PublicatiesEctopic adenoviral vector-directed expression of Sema3A in organotypic spinal cord explants inhibits growth of primary sensory afferents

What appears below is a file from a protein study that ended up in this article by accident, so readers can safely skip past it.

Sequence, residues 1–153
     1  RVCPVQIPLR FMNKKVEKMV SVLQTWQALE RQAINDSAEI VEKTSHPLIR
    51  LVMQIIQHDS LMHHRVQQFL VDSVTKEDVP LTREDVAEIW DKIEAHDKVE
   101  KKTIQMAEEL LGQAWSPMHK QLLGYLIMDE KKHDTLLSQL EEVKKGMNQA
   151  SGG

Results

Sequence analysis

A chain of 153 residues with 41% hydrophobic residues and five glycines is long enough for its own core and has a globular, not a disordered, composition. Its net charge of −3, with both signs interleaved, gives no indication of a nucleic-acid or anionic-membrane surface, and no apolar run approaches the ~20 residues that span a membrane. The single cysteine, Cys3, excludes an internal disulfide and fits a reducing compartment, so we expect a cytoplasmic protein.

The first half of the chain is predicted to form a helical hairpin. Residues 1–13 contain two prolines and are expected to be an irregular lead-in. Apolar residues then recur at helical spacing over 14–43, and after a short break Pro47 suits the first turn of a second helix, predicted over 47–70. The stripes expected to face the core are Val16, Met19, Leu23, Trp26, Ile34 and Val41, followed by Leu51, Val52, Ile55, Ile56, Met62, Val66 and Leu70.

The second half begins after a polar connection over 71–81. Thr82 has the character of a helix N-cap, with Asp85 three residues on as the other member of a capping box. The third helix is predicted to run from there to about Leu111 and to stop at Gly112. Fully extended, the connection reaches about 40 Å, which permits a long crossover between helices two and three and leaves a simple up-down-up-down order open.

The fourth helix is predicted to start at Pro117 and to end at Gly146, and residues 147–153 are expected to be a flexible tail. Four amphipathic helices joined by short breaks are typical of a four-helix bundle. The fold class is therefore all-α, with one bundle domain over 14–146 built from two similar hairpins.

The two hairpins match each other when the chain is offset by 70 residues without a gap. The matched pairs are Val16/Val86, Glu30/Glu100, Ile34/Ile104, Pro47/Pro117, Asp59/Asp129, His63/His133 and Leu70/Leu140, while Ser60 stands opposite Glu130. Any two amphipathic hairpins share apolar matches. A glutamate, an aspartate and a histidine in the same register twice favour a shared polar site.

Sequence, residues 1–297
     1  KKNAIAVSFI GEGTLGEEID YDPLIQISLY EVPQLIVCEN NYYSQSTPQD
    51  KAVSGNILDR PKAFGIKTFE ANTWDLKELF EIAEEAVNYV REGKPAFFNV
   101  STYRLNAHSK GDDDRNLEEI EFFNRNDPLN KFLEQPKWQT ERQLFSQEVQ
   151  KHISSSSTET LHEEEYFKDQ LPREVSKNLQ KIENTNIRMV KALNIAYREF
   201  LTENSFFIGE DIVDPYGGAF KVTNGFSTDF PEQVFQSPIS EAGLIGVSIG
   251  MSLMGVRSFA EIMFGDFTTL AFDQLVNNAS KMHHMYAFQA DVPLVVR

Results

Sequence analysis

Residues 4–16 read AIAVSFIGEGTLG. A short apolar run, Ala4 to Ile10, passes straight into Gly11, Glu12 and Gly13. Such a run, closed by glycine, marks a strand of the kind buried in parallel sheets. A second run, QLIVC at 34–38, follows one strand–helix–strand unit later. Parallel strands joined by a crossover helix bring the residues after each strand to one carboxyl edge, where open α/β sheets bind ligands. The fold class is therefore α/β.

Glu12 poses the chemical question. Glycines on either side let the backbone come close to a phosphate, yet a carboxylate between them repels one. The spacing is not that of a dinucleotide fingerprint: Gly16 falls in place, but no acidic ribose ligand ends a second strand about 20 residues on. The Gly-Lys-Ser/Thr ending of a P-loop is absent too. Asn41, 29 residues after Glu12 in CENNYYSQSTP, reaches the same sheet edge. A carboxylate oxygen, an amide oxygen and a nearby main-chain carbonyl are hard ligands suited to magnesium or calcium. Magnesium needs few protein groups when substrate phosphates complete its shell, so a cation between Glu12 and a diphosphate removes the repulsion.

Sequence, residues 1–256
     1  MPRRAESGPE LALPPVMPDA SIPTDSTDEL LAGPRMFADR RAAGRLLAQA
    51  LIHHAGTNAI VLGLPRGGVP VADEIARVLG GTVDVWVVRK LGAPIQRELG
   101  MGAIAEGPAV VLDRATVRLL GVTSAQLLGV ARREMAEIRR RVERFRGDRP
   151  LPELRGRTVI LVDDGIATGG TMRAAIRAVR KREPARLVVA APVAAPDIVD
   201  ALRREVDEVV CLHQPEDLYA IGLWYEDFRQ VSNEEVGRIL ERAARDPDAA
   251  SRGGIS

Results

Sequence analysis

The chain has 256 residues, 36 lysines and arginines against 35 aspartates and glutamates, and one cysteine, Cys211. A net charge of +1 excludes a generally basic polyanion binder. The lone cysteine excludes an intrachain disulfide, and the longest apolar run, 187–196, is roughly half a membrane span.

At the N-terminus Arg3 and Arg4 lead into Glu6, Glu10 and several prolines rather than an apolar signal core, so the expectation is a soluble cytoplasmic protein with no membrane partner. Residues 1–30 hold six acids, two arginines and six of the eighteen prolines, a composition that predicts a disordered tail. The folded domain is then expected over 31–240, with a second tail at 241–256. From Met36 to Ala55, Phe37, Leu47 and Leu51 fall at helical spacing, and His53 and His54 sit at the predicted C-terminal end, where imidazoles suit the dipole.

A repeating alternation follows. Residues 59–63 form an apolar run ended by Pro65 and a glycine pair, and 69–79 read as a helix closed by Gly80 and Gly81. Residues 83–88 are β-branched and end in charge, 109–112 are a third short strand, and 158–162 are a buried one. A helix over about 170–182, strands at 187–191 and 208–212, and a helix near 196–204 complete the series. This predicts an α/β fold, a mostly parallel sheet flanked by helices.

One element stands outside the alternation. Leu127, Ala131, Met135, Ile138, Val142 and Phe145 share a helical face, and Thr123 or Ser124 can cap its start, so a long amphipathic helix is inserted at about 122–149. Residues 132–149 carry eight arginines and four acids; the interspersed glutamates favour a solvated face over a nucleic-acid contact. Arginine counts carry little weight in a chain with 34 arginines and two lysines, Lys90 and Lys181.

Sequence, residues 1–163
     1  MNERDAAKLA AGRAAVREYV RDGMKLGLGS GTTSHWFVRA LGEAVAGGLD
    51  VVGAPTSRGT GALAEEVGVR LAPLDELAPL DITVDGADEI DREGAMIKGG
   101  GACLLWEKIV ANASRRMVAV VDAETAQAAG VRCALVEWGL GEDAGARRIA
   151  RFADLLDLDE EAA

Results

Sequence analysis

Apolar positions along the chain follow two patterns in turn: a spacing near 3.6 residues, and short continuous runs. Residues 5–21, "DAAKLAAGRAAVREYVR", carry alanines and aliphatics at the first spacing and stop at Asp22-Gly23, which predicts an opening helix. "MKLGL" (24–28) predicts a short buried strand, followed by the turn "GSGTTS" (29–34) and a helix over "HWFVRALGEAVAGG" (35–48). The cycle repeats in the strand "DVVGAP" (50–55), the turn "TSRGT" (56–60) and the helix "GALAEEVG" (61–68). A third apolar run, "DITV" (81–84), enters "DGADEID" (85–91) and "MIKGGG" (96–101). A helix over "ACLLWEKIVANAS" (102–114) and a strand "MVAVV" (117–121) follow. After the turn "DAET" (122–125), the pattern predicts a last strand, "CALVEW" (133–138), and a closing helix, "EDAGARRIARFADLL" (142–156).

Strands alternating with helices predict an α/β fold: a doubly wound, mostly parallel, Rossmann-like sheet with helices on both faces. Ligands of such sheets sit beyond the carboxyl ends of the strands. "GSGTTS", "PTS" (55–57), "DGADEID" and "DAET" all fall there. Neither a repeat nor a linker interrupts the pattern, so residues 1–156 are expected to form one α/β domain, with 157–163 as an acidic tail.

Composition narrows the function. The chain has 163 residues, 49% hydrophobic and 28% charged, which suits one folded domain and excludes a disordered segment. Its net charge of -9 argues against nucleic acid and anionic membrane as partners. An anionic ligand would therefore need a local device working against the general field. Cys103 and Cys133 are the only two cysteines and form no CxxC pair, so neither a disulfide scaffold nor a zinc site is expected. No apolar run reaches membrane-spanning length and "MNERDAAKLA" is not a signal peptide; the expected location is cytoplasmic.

Sema3A (Sema III, SemD, collapsin-1) can induce neuronal growth cone collapse and axon repulsion of distinct neuronal populations. To study Sema3A function in patterning afferent projections into the developing spinal cord, we employed the recombinant adenoviral vector technique in embryonic rat spinal cord slices. Virus solution was injected in the dorsal aspect of organotypic spinal cord cultures with segmentally attached dorsal root ganglia (sc-DRG). In cultures grown in the presence of nerve growth factor (NGF), injected either with the control virus AdCMVLacZ or with vehicle only, afferent innervation patterns were similar to those of control. However, unilateral injection of AdCMVSema3A/AdCMVLacZ in sc-DRG slices revealed a strong inhibitory effect on NGF-dependent sensory afferent growth. Ectopic Sema3A in the dorsal spinal cord, the target area of NGF-responsive DRG fibers in vivo, created an exclusion zone for these fibers and as a result they failed to reach and innervate their appropriate target zones. Taken together, gain of Sema3A function in the dorsal aspect of sc-DRG cultures revealed a dominant inhibitory effect on NGF-dependent, nociceptive sensory DRG afferents, an observation in line with the model proposed by E. K. Messersmith et al. (1995, Neuron 14, 949-959), suggesting that Sema3A secreted by spinal cord cells can act to repel central sensory fibers during the formation of lamina-specific connections in the spinal cord.
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